|9.00-10.00||Reading to Learn (literacy)
The teacher re-read the delightful children’s story I Went Walking by Sue Williams. She explained the meaning of the story so that the children could understand it, enjoy it and recite it. The aim was to make reading fun and seem easy. The teacher carefully guided the children through the book, drawing their attention to the meaningful elements including the pictures, and what was happening in each step of the story.
Recognising words and making sentences:
The children worked in pairs using cardboard sentence strips from the story (I saw a pink pig looking at me). This activity enabled the children to make a connection between the words they say in the story, and their written forms in a sentence. The teacher showed the children how to recognise each word as they read it, by pointing to the words and saying them.
Cutting up word groups:
This activity reinforced the children’s recognition of words. They cut the words in the sentence into word groups using meaning cues from the teacher, eg Who is it about? What was he doing? When? Where?
The children had fun working in pairs to mix up the cards, and put the sentence back together again. The teacher prompted the children to re-read the sentence and check for meaning, pointing to the words as they went.
Recognising words in and out of the sentence:
Once the children could put the sentence back together, the teacher checked that the children could recognise each word both in and out of the sentence. The words the teacher chose were the meaningful words from the sentence.
|10am||Fruit snack. Children had a toilet break, washed their hands and sat on the veranda to eat their fruit and have a drink of water. This is a great way to break up a long session of learning for the littlies.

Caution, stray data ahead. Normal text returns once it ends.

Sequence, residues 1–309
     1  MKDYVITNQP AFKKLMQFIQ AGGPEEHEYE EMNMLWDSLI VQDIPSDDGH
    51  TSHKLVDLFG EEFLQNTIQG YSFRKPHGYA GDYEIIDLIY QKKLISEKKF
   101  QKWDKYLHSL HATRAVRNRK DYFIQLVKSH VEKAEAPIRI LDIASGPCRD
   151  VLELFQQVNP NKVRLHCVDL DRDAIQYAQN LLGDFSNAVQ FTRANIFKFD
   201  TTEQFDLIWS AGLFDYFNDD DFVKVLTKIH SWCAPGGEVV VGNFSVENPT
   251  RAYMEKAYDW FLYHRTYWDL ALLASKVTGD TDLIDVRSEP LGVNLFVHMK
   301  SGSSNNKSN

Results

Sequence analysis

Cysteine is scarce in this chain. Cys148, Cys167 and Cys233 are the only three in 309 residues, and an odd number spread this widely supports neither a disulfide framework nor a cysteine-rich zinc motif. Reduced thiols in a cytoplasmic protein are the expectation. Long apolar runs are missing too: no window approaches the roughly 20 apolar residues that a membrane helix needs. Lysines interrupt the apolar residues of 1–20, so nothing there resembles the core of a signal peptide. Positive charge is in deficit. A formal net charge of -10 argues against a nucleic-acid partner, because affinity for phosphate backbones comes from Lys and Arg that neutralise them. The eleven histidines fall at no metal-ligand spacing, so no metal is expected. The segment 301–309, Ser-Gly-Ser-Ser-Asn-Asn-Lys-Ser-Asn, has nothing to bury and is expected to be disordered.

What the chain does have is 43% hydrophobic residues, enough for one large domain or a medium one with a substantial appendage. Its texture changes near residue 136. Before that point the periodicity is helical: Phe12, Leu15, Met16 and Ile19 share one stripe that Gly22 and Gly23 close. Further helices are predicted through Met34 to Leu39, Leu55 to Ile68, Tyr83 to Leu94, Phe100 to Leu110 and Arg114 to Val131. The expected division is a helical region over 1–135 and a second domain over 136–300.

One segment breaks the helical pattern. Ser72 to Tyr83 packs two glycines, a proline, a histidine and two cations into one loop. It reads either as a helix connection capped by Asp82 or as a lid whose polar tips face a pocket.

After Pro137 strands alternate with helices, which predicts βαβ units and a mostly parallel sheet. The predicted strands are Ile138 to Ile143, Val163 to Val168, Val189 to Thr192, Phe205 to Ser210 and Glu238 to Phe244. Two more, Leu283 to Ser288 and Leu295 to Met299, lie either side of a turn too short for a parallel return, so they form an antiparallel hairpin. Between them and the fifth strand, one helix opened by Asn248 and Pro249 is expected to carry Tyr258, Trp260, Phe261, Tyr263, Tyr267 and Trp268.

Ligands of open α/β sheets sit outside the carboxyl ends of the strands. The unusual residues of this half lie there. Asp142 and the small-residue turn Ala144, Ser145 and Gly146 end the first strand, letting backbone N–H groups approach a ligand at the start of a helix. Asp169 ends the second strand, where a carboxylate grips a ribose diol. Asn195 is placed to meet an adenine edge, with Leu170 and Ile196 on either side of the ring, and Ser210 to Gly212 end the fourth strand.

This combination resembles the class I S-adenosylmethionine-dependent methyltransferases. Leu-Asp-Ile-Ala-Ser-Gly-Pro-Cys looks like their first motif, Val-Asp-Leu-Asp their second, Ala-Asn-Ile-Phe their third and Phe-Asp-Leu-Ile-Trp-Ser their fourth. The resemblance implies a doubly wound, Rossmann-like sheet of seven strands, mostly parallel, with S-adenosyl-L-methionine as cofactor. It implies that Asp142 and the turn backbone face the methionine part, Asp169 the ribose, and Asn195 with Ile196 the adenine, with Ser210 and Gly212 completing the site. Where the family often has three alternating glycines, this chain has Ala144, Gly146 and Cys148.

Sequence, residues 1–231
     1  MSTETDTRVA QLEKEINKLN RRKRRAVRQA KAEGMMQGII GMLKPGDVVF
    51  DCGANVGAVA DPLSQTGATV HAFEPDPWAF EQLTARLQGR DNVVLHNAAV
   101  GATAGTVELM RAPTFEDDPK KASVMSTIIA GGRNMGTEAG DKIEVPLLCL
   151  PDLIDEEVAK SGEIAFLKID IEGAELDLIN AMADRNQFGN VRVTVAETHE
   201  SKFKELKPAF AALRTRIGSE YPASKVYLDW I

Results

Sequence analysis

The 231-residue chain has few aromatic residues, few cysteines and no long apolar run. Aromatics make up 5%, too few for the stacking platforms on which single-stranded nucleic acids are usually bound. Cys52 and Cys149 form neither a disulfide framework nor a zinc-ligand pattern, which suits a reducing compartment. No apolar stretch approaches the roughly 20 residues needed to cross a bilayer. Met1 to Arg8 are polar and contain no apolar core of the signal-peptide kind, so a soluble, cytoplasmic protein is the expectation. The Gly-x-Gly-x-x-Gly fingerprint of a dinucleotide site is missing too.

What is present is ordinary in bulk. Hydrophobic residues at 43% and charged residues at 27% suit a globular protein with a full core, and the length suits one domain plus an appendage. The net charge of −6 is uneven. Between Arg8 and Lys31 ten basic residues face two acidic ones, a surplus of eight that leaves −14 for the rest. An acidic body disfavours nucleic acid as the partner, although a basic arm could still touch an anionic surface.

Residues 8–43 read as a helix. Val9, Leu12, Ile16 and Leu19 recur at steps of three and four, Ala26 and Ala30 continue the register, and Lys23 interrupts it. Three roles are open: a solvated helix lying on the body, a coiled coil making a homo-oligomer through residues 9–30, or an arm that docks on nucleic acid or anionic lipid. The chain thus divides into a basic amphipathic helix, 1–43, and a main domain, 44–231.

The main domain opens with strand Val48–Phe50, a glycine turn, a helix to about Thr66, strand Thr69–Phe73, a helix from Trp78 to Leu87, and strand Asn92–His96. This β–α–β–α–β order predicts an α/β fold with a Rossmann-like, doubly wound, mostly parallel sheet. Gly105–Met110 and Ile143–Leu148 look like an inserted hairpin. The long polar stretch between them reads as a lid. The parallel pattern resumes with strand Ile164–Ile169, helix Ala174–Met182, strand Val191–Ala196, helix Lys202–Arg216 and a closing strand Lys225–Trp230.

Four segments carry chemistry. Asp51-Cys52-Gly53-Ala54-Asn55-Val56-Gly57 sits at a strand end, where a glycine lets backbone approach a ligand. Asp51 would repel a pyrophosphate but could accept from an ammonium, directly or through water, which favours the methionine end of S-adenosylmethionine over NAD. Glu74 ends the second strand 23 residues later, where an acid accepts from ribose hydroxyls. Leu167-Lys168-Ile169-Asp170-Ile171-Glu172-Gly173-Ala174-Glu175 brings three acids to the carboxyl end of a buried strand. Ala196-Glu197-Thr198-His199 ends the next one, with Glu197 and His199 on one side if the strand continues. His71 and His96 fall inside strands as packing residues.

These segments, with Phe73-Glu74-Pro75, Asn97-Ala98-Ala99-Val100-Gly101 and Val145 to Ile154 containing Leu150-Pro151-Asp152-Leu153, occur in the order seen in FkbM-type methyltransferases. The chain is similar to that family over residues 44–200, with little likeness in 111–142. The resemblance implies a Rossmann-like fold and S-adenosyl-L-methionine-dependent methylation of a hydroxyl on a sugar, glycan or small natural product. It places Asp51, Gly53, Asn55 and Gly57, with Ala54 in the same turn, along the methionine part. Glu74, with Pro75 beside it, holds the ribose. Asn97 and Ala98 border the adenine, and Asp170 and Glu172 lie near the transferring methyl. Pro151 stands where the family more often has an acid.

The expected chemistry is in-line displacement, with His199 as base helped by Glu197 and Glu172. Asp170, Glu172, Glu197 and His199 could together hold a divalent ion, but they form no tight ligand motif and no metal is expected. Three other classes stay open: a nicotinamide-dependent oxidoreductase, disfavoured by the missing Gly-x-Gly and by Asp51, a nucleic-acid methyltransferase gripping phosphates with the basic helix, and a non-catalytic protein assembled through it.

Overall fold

|10.20||Spelling and handwriting:
After a quick break, the children returned to the classroom to start looking at how to write the words and sentence from the story (I saw a pink pig looking at me.) The children practised what they know by cutting them in to spelling patterns, e.g. p-ig; p-ink. They practised the words on white boards with the teacher guiding them and supporting them to form the letters. Once all children could write the words it was time to put the words in to a sentence.
The children now had a good understanding of the words in the sentence and the teacher supported them to ‘write’ the sentence I saw a pink pig looking at me. The structural words were there to help and they were able to add the spelling words with support. The children enjoyed drawing a picture to match their writing.
Rewriting the story:
The class came back together to think about new ideas for a new story, eg I went walking what did I see? I saw a green frog looking at me. The children delighted in writing a new story, and the teacher will publish the children’s ideas into a book for them all to enjoy.
|10.45||A phonics song was played on the projector for all children to watch, follow and do actions. The children had fun brainstorming words that began with the letter ‘S’ that had been the focus of the previous lesson. The teacher also connected the sounds and letters.
|11am||FIRST BREAK – after a morning of great work the Prep children enjoyed morning tea and a play while the teacher quickly gobbled up some morning tea and went out to supervise the children play.|
Other highlights of the day included a hands-on maths lesson that required lots of resources for the children to manipulate, joining in on an art lesson, and exploring the junior fiction section of the library and borrowing books. At the end of the day the children were collected by parents and the teachers packed up the room and joined the rest of the staff for a staff meeting. It was nice to see the teachers join together at the end of the day to support each other.
What did I learn?
I was so glad to be included in the professional development days. The Code of Conduct and Child Protection session was very informative, and I’m happy to know I’m up to date with current policies and legislation in those areas. I also gained a lot from the school-based meetings. The principal’s address was particularly inspiring, and I could tell that the teaching staff were excited about the year ahead. Dr David Rose’s Reading to Learn sessions were also valuable, especially as I haven’t had the extensive R2L training of permanent teaching staff. I really enjoyed seeing the program effectively put into practice in the Prep classroom. Hopefully I can spend a few more days with these gorgeous preppies throughout the year, and see how they are progressing. They’re definitely off to a flying start!
To read my Interview with teacher Fiona Haywood, please click here.